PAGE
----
As we have dived into the discussion of mental health over the last four weeks, the picture painted has been one of heartbreak and, in many ways, despair.

 Heartbreak affects not only the patient dealing with their mental health but all that surrounds them.

"Your family and the people close to you will probably notice improvements before you do," Dr. Darrell Brimhall said at my first appointment with him regarding my mental health. "Because you are already living with it, it takes longer for you to notice if your medication is working; others though, will see it much quicker.”

The first time I dared to talk about how I felt, with anyone, including health professionals, I was 33. Initially, my doctor concluded I was stressed and prescribed me Xanax three times a day. It offered a quick relief, but it didn't last. Before long, I took the medication to maintain and no longer cope with how I was feeling. Terrified I would become addicted without improving, I returned to my doctor and asked to be taken off Xanax after about 8 months. My doctor obliged and then diagnosed me with anxiety. I was prescribed the generic version of Zoloft (Sertraline) in a 25-milligram dosage. It didn't help, at least not really. At that point, I didn't give up on my mental health, but when the medication wasn't helping, my head started telling me I couldn't be fixed. I became withdrawn at my appointments.  I certainly wasn't cured, but gosh, surely I was better, right? That is what I told my doctor, "I am better," with little convincing in my voice. Over the next few months that lead into years, my doctor continued to adjust my Sertraline prescription. I went to 50 milligrams, then 100 milligrams. As a result of still no relief, my doctor put me on 200 milligrams of the Sertraline. By then, though, I was hopeless that anything would help, and I chose not to take the increased dosage prescribed.
 After a while of routinely swallowing a pill, I gave up on my mental health issues altogether. It was embarrassing after that long to be still not "fixed," and constantly describing how you feel when you have no idea what is causing it is exhausting. As mentioned in previous articles, I had hit bottom, and regardless of not wanting help, I knew I needed it. 

During the same time, staff changes had been made at Margaret Mary Health, located in Brookville. I started hearing how wonderful one of the new team members was, Dr. Brimhall. I also heard one of his specialties was mental health. I pondered the idea of a new doctor, then finally picked up the phone. I had been through this process a million times, but as I dialed, I could feel the tension and terror building up inside me. Scared to death I was traveling down another dead-end road. The receptionist in scheduling was kind and asked me if I wanted to establish with a new doctor. I did, but my tone played it off as something that wasn't needed quickly or an emergency. The receptionist then asked the question I was hoping to avoid. "Are you coming for physical issues, or are your struggles with mental health?" I mustered up the strength; "Mental health," was my response, and I fell quiet. As soon as the fears began to rise inside me, she reassured me how wonderful Dr. Brimhall was and that I would be in excellent hands. She was right. My first appointment with Brimhall gave me hope, for the first time, in a long time.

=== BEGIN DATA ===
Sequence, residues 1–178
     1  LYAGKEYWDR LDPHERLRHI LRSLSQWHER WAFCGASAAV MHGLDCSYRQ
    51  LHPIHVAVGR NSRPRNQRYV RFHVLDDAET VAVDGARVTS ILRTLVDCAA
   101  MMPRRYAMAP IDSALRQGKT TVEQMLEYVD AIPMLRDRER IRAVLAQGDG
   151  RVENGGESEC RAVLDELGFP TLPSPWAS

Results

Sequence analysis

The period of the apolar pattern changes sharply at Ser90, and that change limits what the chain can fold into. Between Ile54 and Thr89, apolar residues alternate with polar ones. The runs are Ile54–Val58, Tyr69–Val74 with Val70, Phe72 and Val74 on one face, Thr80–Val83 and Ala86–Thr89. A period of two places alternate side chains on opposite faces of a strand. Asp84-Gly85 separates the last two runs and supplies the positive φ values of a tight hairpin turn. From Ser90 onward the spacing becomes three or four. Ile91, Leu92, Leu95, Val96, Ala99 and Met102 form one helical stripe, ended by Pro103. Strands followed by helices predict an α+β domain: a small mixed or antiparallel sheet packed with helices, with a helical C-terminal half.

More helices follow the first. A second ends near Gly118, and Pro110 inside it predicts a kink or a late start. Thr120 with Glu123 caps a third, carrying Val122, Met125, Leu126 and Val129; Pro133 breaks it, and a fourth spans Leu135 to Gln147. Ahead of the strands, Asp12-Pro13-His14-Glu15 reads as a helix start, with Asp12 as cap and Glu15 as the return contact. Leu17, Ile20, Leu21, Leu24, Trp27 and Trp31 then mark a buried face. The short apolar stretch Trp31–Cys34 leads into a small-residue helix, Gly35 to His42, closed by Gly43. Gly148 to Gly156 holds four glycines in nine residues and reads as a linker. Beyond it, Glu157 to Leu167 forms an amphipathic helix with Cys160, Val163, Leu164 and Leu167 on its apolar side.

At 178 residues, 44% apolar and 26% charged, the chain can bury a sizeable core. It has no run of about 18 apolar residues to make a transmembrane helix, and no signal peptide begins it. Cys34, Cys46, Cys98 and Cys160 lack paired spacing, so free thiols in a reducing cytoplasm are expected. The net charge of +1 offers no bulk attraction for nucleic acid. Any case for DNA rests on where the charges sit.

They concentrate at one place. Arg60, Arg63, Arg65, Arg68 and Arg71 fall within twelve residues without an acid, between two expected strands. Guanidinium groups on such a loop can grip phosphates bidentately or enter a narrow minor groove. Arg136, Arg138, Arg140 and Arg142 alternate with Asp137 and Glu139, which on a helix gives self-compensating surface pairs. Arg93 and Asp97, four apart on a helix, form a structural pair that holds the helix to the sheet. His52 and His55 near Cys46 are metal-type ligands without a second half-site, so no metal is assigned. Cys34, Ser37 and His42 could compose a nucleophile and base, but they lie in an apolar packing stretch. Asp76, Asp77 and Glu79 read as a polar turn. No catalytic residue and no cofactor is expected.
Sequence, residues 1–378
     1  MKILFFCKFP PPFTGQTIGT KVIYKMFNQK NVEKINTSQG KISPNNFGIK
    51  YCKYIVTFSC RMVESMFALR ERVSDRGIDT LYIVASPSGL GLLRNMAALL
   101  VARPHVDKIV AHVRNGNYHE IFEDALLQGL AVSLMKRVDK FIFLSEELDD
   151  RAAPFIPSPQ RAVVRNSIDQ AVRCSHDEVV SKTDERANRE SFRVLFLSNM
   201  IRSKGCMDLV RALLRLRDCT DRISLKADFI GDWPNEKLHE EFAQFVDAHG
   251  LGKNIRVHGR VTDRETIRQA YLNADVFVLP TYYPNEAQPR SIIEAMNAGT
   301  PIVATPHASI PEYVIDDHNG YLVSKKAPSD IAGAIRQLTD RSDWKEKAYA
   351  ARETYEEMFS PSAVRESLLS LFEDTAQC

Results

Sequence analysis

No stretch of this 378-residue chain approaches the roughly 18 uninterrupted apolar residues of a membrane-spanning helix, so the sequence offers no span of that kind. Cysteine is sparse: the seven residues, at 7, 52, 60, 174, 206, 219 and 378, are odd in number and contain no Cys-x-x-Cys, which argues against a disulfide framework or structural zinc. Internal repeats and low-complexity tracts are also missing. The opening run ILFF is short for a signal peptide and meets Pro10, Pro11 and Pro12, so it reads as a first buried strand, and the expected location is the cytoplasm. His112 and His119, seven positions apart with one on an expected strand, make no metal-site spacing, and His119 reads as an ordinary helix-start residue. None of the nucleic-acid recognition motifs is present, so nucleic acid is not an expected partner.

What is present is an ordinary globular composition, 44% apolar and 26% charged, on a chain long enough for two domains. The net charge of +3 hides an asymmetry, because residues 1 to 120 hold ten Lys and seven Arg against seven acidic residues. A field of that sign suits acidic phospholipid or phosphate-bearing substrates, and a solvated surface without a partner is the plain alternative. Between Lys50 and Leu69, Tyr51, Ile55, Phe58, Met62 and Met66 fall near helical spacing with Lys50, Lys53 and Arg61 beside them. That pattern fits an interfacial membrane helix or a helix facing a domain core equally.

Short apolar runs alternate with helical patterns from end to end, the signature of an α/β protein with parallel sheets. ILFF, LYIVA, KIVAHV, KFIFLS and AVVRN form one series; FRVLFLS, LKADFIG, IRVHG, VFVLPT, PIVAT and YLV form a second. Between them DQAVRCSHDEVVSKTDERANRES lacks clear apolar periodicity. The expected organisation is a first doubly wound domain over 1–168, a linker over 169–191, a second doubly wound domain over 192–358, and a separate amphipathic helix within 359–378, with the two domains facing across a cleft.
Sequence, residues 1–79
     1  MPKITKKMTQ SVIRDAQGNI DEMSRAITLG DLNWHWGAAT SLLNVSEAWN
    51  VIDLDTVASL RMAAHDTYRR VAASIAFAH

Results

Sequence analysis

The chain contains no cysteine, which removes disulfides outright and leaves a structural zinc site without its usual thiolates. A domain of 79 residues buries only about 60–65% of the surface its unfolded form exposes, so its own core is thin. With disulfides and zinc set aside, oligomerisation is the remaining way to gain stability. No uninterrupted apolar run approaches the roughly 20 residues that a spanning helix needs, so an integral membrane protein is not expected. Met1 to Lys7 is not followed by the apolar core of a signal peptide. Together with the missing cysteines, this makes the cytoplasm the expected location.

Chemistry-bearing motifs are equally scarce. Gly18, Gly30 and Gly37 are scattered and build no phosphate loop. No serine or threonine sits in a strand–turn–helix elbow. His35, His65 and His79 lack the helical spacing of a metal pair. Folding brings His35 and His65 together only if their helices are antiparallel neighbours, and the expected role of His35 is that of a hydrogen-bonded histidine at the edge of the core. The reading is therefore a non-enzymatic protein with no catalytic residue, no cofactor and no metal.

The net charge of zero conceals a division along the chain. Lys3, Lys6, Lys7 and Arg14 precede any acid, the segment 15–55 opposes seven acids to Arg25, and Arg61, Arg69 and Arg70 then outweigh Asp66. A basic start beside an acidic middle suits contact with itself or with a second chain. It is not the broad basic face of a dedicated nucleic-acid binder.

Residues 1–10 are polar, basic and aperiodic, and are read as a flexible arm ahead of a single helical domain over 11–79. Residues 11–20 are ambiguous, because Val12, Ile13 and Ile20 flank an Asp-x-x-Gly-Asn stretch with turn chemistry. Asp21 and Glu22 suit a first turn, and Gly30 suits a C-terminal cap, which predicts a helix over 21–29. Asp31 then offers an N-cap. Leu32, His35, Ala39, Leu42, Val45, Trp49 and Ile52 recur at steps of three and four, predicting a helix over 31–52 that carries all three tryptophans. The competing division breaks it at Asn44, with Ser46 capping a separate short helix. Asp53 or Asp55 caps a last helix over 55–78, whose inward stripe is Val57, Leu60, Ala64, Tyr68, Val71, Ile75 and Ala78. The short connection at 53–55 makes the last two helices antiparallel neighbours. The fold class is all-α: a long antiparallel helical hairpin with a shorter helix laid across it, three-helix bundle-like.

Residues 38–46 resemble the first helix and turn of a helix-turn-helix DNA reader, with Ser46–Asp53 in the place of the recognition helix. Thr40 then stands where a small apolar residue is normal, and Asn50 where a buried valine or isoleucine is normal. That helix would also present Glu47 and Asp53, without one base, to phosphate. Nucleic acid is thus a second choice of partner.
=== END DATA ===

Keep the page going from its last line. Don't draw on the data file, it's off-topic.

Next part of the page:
Before he joined me in the office, the nurse came in and asked me a series of questions that only required a "yes" or "no." I can barely remember the questions, but I remember I answered them all honestly, for the first time in my life.What happened next changed my path. Dr. Brimhall joined us in the office, went over my responses, and quickly told me that he believed my life-long struggle to be Bi-Polar 2. A diagnosis was an important step, and I felt some relief that there was, in fact, something wrong that could be fixed. Brimhall confirmed that as he looked at me and said, "I don't accept the term 'better," we are going to figure this out until you come in and tell me you are great." That statement in its entirety left me speechless and filled with hope that I, too, could experience everyday life. He prescribed me a low dosage of Lotramine to stabilize my moods and continued the Sertraline.
 Brimhall stayed true to his word. I came back for my next appointment, and when asked how I was feeling, my response was, "better, I think." Brimhall reassured me he wasn't accepting that answer and we weren't stopping here. He tweaked my medication. I am now on 200 milligrams of the Lotramine and also 50 milligrams of Wellbutrin.

It has now been roughly 12 weeks since my new medication, and guess what? I feel amazing. Is it perfect? Not yet, but I do not doubt that with the right medical help, I will get this under control. I realize I will also need therapy, coupled with the proper medication, to continue down this journey's right path. Amazingly, it is a step I am willing to take.  Being able to take that step, in itself, is a win. My mind was so cluttered before, I couldn't even imagine trying to express myself to someone on an intense level. When that process starts, I hope to share how therapy has benefited me as well.Next week we will hear from Dr. Brimhall as he talks through mental health, stereotypes, and so much more.